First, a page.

The Lobero was packed this past Sunday afternoon, June 13, as friends and well-wishers from the Santa Barbara and American classical music community came together to pay tribute to one of the new century’s most important patrons of individual classical artists, Baroness Léni Fé Bland. Through her Foundation Music Awards, Fé Bland has made nearly $1.5 million in grants to around 1,500 instrumentalists and singers in the past 20 years, and on Sunday, a great many of them showed up to salute their friend, benefactor, and mentor. In between performances by previous recipients of the award, video testimonials were screened in which a number of distinguished professors of music and many former honorees spoke of their gratitude to Fé Bland for encouraging young artists to pursue professional careers in music. The list of career destinations attained by Fé Bland Award artists reads like a who’s who of prestigious contemporary music organizations. From the orchestra of the Los Angeles Opera to the stage at the Metropolitan Opera in New York, and throughout the best philharmonics in the country, Fé Bland scholars are disproportionately represented in the front ranks. Through her attention and generosity toward artists in the early stages of their careers, Fé Bland has created a legacy network of young and mid-career artists who will have an ongoing impact on the landscape of classical music in America for decades to come.
The concert was sponsored by the Santa Barbara Foundation and organized by Miwa Gofuku of the Santa Barbara Symphony. While the announced program included several truly outstanding players—including tenor Rodell Rosel, who has appeared twice with the Metropolitan Opera this season, and pianist Andrew von Oeyen, who will tour Japan this summer as soloist with the Berliner Symphoniker Orchestra—there were also many surprises, only revealed from the stage on that day. Perhaps the most unusual, and certainly the most charming, was six-year-old violinist and Fé Bland Award recipient Cassandra Carrasco, who played (and danced) her way through a devil’s dance by Paganini.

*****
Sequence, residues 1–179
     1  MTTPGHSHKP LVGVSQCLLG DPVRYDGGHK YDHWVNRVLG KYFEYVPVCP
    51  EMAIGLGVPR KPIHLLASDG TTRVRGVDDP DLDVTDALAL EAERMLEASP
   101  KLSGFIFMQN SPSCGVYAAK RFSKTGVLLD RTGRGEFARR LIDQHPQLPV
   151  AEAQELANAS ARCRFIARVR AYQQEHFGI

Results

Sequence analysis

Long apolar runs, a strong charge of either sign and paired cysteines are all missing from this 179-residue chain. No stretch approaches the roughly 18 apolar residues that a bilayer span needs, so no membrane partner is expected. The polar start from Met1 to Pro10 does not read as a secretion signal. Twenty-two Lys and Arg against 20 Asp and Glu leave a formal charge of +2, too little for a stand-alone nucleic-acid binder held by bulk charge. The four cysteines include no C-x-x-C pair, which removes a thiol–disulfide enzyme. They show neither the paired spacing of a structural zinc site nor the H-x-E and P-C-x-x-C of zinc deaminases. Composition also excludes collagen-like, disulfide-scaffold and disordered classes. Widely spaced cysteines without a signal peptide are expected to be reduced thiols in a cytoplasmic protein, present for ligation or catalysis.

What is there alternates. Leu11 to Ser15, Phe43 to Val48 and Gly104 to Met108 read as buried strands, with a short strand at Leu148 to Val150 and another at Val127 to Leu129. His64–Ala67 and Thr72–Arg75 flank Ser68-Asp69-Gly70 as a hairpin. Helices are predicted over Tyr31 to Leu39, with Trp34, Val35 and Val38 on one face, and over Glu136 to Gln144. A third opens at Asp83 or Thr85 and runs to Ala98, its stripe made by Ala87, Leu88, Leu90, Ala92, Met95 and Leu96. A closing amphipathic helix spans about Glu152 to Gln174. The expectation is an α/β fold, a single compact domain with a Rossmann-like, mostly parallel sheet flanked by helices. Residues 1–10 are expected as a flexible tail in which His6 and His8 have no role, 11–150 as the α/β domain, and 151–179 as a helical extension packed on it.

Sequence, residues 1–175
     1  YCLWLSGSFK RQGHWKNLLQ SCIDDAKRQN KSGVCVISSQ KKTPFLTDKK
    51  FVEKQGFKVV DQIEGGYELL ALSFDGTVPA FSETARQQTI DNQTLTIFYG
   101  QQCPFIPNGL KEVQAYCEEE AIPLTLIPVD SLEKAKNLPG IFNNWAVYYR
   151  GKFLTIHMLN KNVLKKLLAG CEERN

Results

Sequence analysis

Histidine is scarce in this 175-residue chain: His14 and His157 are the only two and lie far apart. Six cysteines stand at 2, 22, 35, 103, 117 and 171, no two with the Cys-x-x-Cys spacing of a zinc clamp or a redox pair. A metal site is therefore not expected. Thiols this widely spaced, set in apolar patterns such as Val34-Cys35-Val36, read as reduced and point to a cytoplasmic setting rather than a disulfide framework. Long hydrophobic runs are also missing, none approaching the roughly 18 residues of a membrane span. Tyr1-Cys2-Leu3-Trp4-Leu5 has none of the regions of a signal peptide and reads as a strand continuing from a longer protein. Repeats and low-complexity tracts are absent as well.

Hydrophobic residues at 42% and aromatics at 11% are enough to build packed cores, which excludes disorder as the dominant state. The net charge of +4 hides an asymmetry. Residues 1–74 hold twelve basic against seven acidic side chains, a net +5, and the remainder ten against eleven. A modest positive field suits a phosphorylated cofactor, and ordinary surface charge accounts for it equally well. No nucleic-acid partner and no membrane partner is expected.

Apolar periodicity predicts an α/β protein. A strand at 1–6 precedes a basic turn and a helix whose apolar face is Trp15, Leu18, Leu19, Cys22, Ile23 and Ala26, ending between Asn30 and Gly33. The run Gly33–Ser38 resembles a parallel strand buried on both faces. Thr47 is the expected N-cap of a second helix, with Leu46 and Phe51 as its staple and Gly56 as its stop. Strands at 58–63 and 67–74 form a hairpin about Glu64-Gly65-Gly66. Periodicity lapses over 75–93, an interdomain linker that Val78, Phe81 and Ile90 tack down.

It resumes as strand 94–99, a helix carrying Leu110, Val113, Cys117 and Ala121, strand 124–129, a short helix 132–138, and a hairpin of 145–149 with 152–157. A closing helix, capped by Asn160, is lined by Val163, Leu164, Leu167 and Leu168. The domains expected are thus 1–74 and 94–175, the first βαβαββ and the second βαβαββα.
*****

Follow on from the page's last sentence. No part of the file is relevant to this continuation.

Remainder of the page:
The impact of Fé Bland’s support and encouragement on a musician’s confidence was a constant theme echoed by many of the participants in the recital. Bass/baritone Evan Hughes, a graduate of Santa Barbara High School who has recently been accepted into the Metropolitan Opera’s Lindemann Young Artist Development Program, described his audition with Fé Bland for the award as the resolution of a crisis of vocation. “I knew from the way she approved of me, and of my singing,” he said, “that I might just be able to really do this, to have a career and to sing for a living. She changed my life.” Hughes, who was also a participant in the Marilyn Horne Foundation’s On Wings of Song recital series in New York, has received excellent notices from critics, and he sang beautifully on Sunday, reprising a number that he presented as part of that life-changing audition, Phydilé by composer Henri Duparc.
After the Hughes performance, Congressmember Lois Capps and Mayor Helene Schneider took to the stage to offer Fé Bland a pair of letters of acknowledgment, one from the United States Congress and the other from the City of Santa Barbara. Then Fé Bland stood up to a prolonged standing ovation and gave a heartfelt speech of her own at the podium, thanking the Santa Barbara Foundation, Scott Reed of the Music Academy of the West, and her friend and assistant on many projects, soprano Audrey Sharpe, and declaring that she felt “as a proud parent might, when their children succeed.”
The afternoon’s most ambitious musical efforts were, however, yet to come, as a “Fé Bland Orchestra” consisting of more than 30 Fé Bland award honorees assembled onstage for two numbers, an Ennio Morricone piece called “Gabriel’s Oboe” from the soundtrack to The Mission, which featured Dwight Parry as soloist, and an original composition by composer and conductor Cody Westheimer called The Secret Cliff. And the piece made for a beautiful close to this festive afternoon celebrating one of Santa Barbara’s greatest philanthropists.